Have you seen the memes various authors are making now? They usually find a cute picture that fits with their novel and then add a catchy quote from the story itself. When you click on it, it will take you either to their website or Facebook page or possibly even directly to where you can buy the book.
I'd like to make a few for my books, too, but here's the quotes I've come up with so far:
See the problem? I need some help. I love every part of my book, but that's because it came from me. So, for those of you who have read it and loved it, can you think back to a part that moved you particularly, or made you stop and think ... or even sigh in contentment? I'd love to hear back as to why you loved it. Please help me!
You guys know what I mean when I say "kitschy," right? Is it really that archaic of a word? I never thought it was, but I have now had two different editors in two different manuscripts question my use of it.
In "An Unexpected Legacy," Jessica and Chad visit a smoothie shop that is decorated in a kitschy island style, with pineapple candles on the tables and a tiki hut roof over the counter.
In the manuscript coming out next spring, my characters are shopping in San Antonio and wander through several kitschy shops.
I don't think I even realized I had used the word. It just left my fingers and entered the story as I wrote because it was the right word at that time. I didn't even think about the fact that someone might not know what I meant by it. When I tried to explain to them what "kitschy" is, it's almost not easy to come up with terms that mean exactly the same thing. So, I looked it up on dictionary.com. There, it's described as "tawdry" and "created to appeal to popular or undiscriminating taste." It's also derived from a German word which means to "throw together." That's what I'm picturing. It's not going to be classy or simple. It's eclectic and almost overdone, as if an Oriental Trading catalog exploded in the area. It's probably not something you'd want to visit everyday, but every now and then, it's fun to be in places like that.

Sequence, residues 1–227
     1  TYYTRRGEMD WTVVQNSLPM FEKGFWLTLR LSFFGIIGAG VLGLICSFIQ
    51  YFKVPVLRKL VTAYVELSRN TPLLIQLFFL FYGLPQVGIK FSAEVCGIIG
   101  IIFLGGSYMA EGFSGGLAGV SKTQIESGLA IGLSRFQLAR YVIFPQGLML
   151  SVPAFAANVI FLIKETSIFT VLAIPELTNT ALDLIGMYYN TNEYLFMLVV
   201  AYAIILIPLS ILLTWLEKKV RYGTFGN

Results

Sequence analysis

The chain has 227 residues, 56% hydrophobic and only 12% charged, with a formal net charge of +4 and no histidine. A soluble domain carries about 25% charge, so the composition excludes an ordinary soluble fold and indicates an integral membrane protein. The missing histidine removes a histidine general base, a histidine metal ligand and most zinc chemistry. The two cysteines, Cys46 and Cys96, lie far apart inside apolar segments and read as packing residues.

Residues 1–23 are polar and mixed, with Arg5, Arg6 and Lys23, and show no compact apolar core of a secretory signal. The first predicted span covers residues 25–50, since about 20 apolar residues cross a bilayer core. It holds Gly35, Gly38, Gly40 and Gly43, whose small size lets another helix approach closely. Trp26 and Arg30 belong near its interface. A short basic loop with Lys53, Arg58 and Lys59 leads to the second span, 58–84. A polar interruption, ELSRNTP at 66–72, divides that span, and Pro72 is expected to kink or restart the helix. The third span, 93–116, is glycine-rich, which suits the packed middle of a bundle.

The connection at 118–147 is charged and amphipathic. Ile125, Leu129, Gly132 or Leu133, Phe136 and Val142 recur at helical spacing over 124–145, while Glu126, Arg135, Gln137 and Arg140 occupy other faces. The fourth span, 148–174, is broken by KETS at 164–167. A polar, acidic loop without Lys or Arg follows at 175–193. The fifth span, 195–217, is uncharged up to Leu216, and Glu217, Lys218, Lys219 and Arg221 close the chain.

I rather love words that can't really be replaced by another single word because there isn't another that means exactly the same thing. Don't you?
What about you? Did you know what it meant before I told you? Have you ever run across a word you didn't recognize right away while reading and have to look it up? I'd love to hear about it!
Do you ever have one of those moments when the song "It's a Small World" runs through your head? I do all the time. Mostly because I discover another person who is connected to me through several various ways. Today, I'm going to introduce you to my new friend, Kristy Shelton. Believe it or not, this woman used to be my husband's elementary PE teacher, even though she doesn't look nearly old enough for that to be true. Also, her husband used to coach with my father-in-law. Isn't that fun? Kristy started writing several years ago, and now has several books under her belt with another one coming soon. I'm excited to let you get to know her a little better, so here we go!
Kristy, I get asked all the time how I have time to do everything I do (crochet, craft, Bible class teacher, stay-at-home mom, writer, etc), so now I'm going to turn it around on you. You're a coach and a teacher and a mom and an author. How on earth do you find time to do all of these things?